Saturday, May 24, 2014

Coast to Coast: Day 17: Memphis, TN - Cartersville, GA. Saturday, May 24, 2014

     It was still dark when I was packing up my tent, and I was feeling kinda groggy. I shouldn’t have been surprised when I broke one of the tent poles. I was having a really rough morning. I didn’t care. I had dealt with way worse problems on my trip, and this was only a minor inconvenience. The sad thing was that it had only just paid for itself in savings versus a cabin, but I would have liked to have a cabin all the other times I used a tent. I should have bought the two person tent so I could actually sit up in it at the very least. Before long I was packed and ready to go to North Carolina.

     I only made it 50 miles northeast of Memphis when I changed my mind decided to stop in Birmingham, Alabama before reaching Atlanta, Georgia by the end of the day. I had never been to Mississippi, Alabama, or Louisiana, but Louisiana was too far south to include in the day’s trip and still reach the east coast on time.

     It took me about 4 hours to get to Birmingham, but I didn’t see anything interesting. It was really surprising; how uninteresting the city was, in a bizarre kind of way. It was a great looking city, but something seemed out of place.

     I was almost on my way back on the highway when it hit me: the streets were vacant. I have been to a lot of cities; LA, San Francisco, Amarillo, Oklahoma City, Indianapolis and other smaller towns and villages. Some were large and some were small but all of them had at least some traffic. Birmingham didn’t have any traffic. It was rare to see a car on the road. Maybe I was missing something.

All the streets of Birmingham were empty 

     Between Birmingham and Atlanta, the scenery reminded me of South Carolina. I couldn’t put it in exact words, but the trees, grass and just the feel of the environment was exactly like South Carolina, except without palm trees and water.

Alabama and Georgia scenery 

     I put in effort to see Atlanta before I reached Cartersville. I’m not sure why I did. By then I should have known that cities are just as exciting as the country unless I have a reason to be there. The most the city did for me was provide a place for me to take a picture as proof that I was there.

Atlanta: famous for providing places for people to take pictures of the city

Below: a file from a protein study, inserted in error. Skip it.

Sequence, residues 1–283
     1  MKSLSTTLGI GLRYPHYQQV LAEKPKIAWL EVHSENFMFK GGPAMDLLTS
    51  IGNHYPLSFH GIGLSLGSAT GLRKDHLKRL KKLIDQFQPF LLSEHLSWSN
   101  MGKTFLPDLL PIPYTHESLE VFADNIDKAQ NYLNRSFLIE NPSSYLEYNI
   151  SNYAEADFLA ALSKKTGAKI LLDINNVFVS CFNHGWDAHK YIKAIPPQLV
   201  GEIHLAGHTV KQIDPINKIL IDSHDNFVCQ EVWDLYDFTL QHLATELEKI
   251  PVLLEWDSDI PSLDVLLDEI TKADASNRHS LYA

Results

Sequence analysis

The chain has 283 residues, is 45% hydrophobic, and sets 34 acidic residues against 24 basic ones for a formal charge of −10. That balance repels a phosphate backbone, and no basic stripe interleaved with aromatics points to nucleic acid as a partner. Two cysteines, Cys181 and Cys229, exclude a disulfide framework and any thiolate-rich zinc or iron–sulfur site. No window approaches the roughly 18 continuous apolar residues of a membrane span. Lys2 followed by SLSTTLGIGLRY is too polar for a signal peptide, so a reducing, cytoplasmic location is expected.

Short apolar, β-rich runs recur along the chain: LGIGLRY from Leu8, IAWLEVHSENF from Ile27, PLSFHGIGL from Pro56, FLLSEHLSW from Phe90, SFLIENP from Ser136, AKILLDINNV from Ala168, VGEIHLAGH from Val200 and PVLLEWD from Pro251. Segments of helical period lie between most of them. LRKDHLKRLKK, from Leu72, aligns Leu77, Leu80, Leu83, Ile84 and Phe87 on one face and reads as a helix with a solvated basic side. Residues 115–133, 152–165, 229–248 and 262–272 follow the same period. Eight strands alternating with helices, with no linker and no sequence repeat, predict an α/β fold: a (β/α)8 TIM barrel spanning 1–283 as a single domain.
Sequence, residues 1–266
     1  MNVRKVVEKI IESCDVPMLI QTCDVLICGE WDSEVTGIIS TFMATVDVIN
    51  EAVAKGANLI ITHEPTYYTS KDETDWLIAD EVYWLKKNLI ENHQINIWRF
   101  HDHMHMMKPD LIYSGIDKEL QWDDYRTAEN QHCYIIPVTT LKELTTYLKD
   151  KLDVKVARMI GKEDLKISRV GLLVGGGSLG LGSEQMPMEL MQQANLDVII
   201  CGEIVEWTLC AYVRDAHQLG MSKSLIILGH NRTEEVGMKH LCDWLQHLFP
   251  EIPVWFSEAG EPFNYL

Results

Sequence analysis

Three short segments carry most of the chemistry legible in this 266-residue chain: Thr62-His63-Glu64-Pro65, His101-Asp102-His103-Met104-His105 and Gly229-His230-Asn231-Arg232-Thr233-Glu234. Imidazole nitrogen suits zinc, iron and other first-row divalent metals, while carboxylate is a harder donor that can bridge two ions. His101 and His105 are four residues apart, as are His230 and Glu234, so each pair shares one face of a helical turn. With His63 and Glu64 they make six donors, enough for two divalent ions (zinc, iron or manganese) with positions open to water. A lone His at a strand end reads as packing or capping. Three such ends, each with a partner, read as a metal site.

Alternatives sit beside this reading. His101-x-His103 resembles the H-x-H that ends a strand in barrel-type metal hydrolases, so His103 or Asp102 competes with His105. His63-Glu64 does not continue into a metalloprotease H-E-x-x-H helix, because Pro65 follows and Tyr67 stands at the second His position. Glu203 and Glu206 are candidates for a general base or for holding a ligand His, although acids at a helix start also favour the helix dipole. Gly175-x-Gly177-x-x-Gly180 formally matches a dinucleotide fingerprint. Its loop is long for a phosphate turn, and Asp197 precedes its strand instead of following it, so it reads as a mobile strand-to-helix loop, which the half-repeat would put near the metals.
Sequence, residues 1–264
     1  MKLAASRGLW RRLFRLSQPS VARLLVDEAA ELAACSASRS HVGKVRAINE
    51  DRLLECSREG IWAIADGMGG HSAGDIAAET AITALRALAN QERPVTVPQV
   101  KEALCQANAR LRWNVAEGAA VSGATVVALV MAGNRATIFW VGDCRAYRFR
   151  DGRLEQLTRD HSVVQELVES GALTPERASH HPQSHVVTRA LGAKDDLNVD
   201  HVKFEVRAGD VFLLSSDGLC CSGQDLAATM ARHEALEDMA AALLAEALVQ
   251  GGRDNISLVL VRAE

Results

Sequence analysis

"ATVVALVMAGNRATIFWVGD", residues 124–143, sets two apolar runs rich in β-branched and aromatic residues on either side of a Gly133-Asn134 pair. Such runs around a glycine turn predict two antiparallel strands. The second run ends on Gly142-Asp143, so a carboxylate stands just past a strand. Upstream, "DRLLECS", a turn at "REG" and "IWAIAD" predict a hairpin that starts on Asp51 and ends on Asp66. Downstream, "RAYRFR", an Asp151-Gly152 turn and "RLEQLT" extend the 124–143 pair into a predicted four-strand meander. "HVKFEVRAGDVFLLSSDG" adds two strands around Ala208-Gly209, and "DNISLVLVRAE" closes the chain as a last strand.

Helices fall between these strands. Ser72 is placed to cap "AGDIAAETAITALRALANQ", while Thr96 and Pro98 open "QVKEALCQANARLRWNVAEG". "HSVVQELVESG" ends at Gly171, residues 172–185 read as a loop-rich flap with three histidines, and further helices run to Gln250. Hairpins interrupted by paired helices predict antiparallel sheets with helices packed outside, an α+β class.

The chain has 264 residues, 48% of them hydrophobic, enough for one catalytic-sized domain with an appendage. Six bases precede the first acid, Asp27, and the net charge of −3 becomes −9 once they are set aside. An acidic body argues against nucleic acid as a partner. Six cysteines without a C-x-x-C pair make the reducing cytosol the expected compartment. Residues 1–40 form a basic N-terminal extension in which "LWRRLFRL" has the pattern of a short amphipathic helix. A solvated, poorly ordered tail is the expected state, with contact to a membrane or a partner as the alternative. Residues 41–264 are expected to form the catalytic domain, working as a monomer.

I was at the campsite fifteen minutes before closing time, but I found the office doors locked. I considered going to a hotel nearby, but I didn’t want to spend the money. I filled out a late registration form for a tent spot, dropped it in the registration box, and went to one of the few tent spots that weren’t reserved.

     Since I didn’t get the info packet from the office, I didn’t know what the Wifi password was. I really wanted to catch up on my journal, so I asked an older man who just outside the cabin next to my tent spot. He said they never told him what it was either. Since I had nothing better to do, I started a conversation with him. I was really glad I did.

     I told him about my trip, and he recalled memories of his time after he came back from the war in Vietnam. He and five friends bought motorcycles, and went on an 8 month trip around the entire United States. They saw absolutely everything the country had to offer, from the redwoods in California to the east coast and everything in between. When he wasn’t riding, he gambled and acquainted himself with every woman within reach. He told me the best times to gamble were Friday, Saturday and Sunday. Monday was when the casinos got their money back. I’m not a big gambler, but it was nice to know if I ever went to Vegas.

     Today, he was camping with his sons. He lived in Florida but had a sister who lived nearby. He had a lot of siblings growing up in New York, but none of them stayed there. One lived in Maine, another in Arkansas, one in Phoenix. He said he was going to go camping again because he hadn’t seen his sister in Colorado in a while. We wished each other good luck and I started a fire in what looked like a makeshift fire pit. None of the other tent spots had a fire pit, so I didn’t know if the previous camper just made one and left it or not. I didn’t care if I was allowed to start a fire. I could always say that the pit was there when I set up, so I had a pretty good excuse. I ended up seeing one of the campsite staff and got the Wifi password: “happycamping”. I updated my journal late into the night before setting up my broken tent.

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